Other Tax Requirements for US Citizens Living Abroad
United States expats must file federal income tax returns with the IRS, but they may have to file other forms depending on their assets and the financial accounts they hold. Expats should note that they might have to file the Report of Foreign Bank and Financial Accounts (also known as the FBAR) and the Foreign Account Tax Compliance Act (also known as the FATCA).
Report of Foreign Bank and Financial Accounts (FBAR)
Citizens of the United States (as well as corporations, LLCs, partnerships, estates, and trusts) must file an FBAR while living overseas if they have a stake in or authority over one or multiple foreign accounts that, when combined, have a value of $10,000 or more at any given point during the year that is being taxed. FBARs can be filed using FinCEN Form 114, and it must be filed with the Financial Crimes Enforcement Network. They do not need to be filed for financial accounts that are owned by government entities or international financial institutions, maintained by the United States military’s banking facilities, held in an IRA or retirement plan.
Taxpayers who file FBARs should note that they should keep records of their accounts for five years following the date that they file. Their records should include information about the name attached to the account, the account number, the bank that maintains the account and its address, the type of account, and the maximum value of the account during the tax year.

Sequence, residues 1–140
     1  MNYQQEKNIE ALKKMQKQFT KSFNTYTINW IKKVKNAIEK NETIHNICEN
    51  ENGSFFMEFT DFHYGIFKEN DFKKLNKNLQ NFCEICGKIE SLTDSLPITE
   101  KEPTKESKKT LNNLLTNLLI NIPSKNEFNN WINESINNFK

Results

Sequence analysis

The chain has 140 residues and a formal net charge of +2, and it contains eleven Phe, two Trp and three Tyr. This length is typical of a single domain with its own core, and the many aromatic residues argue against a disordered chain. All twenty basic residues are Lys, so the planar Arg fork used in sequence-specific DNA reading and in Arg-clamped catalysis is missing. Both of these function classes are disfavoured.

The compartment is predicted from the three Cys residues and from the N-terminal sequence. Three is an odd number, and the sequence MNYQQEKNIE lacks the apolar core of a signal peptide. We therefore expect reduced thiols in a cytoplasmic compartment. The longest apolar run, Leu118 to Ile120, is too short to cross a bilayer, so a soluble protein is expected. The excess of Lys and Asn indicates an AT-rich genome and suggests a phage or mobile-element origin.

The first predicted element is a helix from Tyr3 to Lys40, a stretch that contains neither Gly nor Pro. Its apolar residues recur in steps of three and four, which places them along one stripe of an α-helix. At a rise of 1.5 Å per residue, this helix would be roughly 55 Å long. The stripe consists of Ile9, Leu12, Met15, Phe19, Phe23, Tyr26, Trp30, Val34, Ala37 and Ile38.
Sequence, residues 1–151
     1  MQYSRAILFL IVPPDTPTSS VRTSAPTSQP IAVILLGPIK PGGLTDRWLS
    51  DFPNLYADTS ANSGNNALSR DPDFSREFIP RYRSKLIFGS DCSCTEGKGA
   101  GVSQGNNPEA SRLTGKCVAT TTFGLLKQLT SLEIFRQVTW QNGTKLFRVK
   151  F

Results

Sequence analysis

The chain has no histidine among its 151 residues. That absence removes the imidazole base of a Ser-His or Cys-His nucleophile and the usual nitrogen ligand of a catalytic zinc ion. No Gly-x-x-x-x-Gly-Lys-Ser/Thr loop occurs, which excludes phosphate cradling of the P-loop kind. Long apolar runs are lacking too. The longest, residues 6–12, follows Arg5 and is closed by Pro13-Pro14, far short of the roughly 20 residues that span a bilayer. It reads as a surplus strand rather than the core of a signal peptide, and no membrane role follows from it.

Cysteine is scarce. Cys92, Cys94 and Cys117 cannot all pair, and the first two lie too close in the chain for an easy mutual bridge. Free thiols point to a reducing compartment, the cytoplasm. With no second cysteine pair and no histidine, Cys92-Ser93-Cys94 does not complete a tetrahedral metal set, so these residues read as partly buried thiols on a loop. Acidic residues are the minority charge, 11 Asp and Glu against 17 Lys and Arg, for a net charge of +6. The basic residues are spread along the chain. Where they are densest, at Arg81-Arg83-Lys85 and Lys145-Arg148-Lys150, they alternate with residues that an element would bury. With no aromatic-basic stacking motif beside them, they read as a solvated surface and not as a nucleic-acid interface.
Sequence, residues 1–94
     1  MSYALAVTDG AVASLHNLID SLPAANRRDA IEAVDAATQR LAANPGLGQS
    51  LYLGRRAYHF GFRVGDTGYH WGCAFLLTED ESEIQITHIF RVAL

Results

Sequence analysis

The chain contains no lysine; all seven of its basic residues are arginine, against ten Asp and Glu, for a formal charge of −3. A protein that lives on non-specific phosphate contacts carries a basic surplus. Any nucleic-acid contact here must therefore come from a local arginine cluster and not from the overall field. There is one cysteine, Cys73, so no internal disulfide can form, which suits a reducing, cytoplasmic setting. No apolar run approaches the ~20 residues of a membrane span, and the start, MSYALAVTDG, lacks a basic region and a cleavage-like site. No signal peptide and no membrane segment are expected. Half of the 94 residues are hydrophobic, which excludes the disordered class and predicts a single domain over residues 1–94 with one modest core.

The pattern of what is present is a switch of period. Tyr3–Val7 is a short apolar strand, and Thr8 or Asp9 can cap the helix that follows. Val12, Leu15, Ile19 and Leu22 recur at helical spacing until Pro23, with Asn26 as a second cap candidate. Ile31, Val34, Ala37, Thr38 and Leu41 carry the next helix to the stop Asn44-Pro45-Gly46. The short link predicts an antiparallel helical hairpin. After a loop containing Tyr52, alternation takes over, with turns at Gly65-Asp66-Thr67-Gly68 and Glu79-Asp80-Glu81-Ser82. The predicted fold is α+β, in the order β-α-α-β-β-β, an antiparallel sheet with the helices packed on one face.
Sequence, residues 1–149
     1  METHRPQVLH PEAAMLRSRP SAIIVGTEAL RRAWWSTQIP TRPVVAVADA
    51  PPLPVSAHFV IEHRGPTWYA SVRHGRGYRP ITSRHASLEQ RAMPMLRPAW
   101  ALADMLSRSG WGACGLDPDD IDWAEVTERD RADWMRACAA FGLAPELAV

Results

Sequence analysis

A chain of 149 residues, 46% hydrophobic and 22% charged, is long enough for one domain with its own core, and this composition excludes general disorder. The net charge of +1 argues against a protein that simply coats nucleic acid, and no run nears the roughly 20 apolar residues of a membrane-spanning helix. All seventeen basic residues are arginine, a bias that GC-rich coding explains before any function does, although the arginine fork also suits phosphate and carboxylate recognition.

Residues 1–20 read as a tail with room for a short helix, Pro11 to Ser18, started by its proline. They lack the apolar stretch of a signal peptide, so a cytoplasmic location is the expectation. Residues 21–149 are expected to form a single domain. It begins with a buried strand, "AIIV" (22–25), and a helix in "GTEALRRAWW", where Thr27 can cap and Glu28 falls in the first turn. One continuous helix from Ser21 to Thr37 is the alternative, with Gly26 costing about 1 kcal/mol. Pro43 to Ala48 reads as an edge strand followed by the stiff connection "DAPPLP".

Foreign Account Tax Compliance Act (FATCA)
United States citizens who hold financial assets in countries besides the United States must report them to the IRS using Form 8938. Single taxpayers must report foreign financial assets if they are worth either $300,000 at any point in the year or $200,00 at the end of the year. The thresholds are twice as much for married taxpayers filing jointly.
The Foreign Account Tax Compliance Act (FATCA) requires some U.S. taxpayers who hold financial assets outside of the United States to report foreign financial assets to the IRS. Taxpayers can use Form 8938 to do so. Single taxpayers living abroad must file Form 8938 if they have financial assets outside of the United States that are worth either $200,000 at the close of the year or $300,000 at any given point during the year. The thresholds for filing Form 8938 are doubled for married taxpayers. FATCA also requires some financial institutions (banks, investment entities, brokers, and some insurance companies) to report information about their financial accounts to the IRS.
Tax Specialists Helping Expats Avoid Double Taxation
You don’t have to figure out your tax obligations on your own if you’re a United States citizen living in another county. The international tax accountants from U.S. Tax Help are available to guide clients through the U.S. tax code. To learn more about how the international tax accountants from U.S. Tax Help can help you avoid double taxation while living in a different country, call (541) 362-9127 today.